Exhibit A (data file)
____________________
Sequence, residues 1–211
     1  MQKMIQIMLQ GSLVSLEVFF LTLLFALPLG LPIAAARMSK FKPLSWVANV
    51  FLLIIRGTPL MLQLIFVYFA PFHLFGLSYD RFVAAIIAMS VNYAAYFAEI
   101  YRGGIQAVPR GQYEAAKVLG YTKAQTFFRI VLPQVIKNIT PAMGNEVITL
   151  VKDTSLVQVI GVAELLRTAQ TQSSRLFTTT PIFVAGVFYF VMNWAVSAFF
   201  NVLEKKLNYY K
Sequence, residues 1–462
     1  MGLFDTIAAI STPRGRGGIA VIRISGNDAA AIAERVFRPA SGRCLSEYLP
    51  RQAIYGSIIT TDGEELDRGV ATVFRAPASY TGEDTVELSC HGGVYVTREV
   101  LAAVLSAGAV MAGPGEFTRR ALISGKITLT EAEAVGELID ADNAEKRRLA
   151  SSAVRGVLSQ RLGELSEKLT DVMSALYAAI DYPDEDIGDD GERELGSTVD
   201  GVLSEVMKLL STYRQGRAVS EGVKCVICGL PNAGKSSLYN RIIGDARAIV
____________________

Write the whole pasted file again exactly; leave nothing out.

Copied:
Sequence, residues 1–211
     1  MQKMIQIMLQ GSLVSLEVFF LTLLFALPLG LPIAAARMSK FKPLSWVANV
    51  FLLIIRGTPL MLQLIFVYFA PFHLFGLSYD RFVAAIIAMS VNYAAYFAEI
   101  YRGGIQAVPR GQYEAAKVLG YTKAQTFFRI VLPQVIKNIT PAMGNEVITL
   151  VKDTSLVQVI GVAELLRTAQ TQSSRLFTTT PIFVAGVFYF VMNWAVSAFF
   201  NVLEKKLNYY K
Sequence, residues 1–462
     1  MGLFDTIAAI STPRGRGGIA VIRISGNDAA AIAERVFRPA SGRCLSEYLP
    51  RQAIYGSIIT TDGEELDRGV ATVFRAPASY TGEDTVELSC HGGVYVTREV
   101  LAAVLSAGAV MAGPGEFTRR ALISGKITLT EAEAVGELID ADNAEKRRLA
   151  SSAVRGVLSQ RLGELSEKLT DVMSALYAAI DYPDEDIGDD GERELGSTVD
   201  GVLSEVMKLL STYRQGRAVS EGVKCVICGL PNAGKSSLYN RIIGDARAIV